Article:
If it worked once, there is a decent chance it will work again, right? After last year’s sale of Ortho-Clinical Diagnostics to the private equity company Carlyle Group, Johnson & Johnson is rumoured to be considering divesting its Cordis subsidiary, which makes up nearly half of its cardiovascular operations.
While such a deal is by no means definite, it would make sense. Unlike Ortho-Clinical, Cordis’s sales are not actually shrinking, but they are sluggish (see tables). More importantly, should the whispers prove true, J&J will have taken another step towards streamlining its medtech efforts – and at a time when the prevalent trend in the industry is strongly towards consolidation.
Still, the company has made a success of the conglomerate model, and is highly unlikely to split in the manner of Abbott Laboratories and AbbVie. A tightening of focus through smaller divestments – though at $4.2bn the diagnostics sale was sizeable by medtech standards – is far more plausible.
|Johnson & Johnson's medtech operations|
|WW annual sales ($bn)|
|Vision Care (Vistakon)||2.9||3.0||3.3||3.6||+3.1%|
|Diabetic Care (LifeScan)||2.3||2.1||2.2||2.3||-0.1%|
|Diagnostics (Ortho-Clinical Diagnostics)||1.9||0.9||-||-||N/A|
|Total company sales||71.3||74.9||81.6||88.4||+3.1%|
Of J&J’s subsidiaries, Cordis would probably be the obvious choice for a divestment. J&J’s cardiovascular care unit brought in $2.1bn last year and is forecast to grow at a healthy annual rate of 5.2% to 2020.
Within that, though, there are two subsidiaries: the ablation catheter specialist Biosense Webster is set to do very nicely, growing at nearly 8%, whereas Cordis’s growth is forecast at just 1.4%, according to EvaluateMedTech’s consensus analyst figures.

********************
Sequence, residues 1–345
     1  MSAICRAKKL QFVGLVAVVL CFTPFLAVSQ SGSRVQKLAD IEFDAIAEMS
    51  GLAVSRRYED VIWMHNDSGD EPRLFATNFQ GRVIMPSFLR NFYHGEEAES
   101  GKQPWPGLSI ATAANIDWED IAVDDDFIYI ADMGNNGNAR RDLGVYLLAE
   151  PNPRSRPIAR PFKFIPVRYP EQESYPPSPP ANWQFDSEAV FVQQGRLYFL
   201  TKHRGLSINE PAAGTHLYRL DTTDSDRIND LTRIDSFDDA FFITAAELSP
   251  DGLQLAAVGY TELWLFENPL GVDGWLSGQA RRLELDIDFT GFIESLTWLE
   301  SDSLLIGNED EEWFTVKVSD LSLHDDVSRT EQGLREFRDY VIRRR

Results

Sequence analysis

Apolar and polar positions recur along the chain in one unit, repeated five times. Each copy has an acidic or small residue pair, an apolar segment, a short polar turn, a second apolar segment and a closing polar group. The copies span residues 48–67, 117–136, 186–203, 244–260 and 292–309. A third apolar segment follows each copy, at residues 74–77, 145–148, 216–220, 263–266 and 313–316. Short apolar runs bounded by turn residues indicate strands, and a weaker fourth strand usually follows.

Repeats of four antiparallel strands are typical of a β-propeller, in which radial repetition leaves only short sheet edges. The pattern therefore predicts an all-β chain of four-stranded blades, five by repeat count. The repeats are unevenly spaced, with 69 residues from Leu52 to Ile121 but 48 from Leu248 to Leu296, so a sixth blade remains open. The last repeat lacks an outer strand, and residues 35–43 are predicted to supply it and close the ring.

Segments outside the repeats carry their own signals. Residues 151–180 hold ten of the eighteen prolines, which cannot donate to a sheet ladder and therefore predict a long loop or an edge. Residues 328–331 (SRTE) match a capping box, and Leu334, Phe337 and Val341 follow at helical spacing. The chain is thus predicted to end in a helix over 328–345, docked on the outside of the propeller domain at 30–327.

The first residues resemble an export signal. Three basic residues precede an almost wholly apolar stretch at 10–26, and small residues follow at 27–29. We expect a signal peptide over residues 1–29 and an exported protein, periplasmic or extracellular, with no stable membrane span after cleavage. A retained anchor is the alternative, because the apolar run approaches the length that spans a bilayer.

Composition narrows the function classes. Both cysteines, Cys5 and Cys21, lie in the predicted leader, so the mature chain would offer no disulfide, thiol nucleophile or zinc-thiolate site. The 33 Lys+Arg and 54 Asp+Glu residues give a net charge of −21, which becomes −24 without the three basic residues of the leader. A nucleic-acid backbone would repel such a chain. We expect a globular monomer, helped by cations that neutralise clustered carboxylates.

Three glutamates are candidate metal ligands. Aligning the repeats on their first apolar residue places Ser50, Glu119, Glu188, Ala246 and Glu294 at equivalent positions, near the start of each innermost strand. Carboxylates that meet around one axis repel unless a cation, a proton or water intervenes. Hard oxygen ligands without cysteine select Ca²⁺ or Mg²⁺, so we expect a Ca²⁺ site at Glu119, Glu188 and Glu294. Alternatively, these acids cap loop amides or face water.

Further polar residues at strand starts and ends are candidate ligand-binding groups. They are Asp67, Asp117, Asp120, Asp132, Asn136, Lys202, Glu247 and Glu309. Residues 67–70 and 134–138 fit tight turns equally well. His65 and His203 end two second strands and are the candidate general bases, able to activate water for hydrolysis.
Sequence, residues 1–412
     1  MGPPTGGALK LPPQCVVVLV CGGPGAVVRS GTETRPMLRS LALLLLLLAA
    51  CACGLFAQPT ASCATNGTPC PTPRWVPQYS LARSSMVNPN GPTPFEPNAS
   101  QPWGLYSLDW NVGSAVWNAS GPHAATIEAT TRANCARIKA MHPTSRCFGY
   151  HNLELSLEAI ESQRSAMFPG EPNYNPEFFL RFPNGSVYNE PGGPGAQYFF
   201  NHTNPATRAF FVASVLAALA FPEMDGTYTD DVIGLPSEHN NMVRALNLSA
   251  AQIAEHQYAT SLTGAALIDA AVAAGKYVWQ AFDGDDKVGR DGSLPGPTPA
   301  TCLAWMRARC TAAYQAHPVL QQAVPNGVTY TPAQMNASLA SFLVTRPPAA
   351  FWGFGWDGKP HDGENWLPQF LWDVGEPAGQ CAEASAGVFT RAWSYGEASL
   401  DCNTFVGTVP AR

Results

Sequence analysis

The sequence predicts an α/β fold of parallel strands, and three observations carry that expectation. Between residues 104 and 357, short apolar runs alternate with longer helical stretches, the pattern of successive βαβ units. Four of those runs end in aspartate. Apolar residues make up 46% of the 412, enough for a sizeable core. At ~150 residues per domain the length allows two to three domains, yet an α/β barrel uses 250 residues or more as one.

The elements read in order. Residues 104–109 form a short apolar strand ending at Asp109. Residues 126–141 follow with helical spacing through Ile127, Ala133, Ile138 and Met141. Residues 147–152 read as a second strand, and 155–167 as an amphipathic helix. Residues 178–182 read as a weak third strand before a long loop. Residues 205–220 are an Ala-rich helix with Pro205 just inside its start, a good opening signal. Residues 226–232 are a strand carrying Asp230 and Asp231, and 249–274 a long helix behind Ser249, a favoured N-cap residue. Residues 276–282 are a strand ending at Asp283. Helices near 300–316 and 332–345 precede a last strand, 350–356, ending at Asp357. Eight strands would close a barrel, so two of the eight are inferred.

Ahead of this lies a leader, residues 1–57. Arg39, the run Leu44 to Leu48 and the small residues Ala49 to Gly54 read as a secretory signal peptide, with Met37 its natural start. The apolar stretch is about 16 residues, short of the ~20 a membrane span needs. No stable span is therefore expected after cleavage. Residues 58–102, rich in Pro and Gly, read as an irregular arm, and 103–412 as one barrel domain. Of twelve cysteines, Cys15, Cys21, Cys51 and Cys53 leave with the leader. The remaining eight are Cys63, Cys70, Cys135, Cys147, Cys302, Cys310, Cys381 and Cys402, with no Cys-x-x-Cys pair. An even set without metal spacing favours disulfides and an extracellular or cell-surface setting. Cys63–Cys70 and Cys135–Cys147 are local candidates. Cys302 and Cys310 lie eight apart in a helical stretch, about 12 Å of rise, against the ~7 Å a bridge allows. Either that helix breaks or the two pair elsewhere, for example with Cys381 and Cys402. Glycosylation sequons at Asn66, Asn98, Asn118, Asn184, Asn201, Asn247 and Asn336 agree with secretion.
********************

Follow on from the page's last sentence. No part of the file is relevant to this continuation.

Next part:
This is because Cordis’s glory days – and they were pretty glorious – are largely over. The company’s star product was Cypher, the world’s first drug-eluting stent, which helped revolutionise the treatment of coronary artery disease and had peak sales of $2.6bn in 2006.
But in a sense Cypher was a victim of its own success, as it spurred Boston Scientific, Medtronic and, most notably, Abbott to develop DESs of their own, which outcompeted Cypher on efficacy.
After manufacturing issues that undermined Cypher’s remaining selling point – its claim to be the gold-standard DES when it came to safety – Cordis exited the stent market in 2011. It has shown flickers of life since, for example by developing a renal denervation system called Renlane.
But the entire area of renal denervation was called into question earlier this year after the trial failure of a rival product, and Renlane’s status is now uncertain (Failure of Medtronic’s Symplicity trial exacerbates concerns over renal denervation, January 9, 2014).
|Johnson & Johnson's Cardiovascular Care unit|
|WW Annual Sales ($bn)|
|Business||EvaluateMedTech Device Classification - L3||2013||2014||2017||2020||CAGR|
|*Sales figures obtained from analyst estimates|
Bucking the trend
The Cordis unit has been valued at $1.5-$2bn, which would imply a similar sales multiple as was seen in the case of Ortho-Clinical. Again, private equity companies are in the frame as buyers, as well as other device makers.
If J&J does continue down the road of slow, steady streamlining, it will be bucking the current industry trend. Ten medtech acquisitions have closed since the half-year point and at least four more have been announced. Both Medtronic and Covidien have bought bolt-on businesses even as they are themselves in the process of combining.
All of which does not mean that J&J would be wrong to sell Cordis; there are good reasons to go ahead with the divestment, but it takes courage to flout trends. This one could go either way.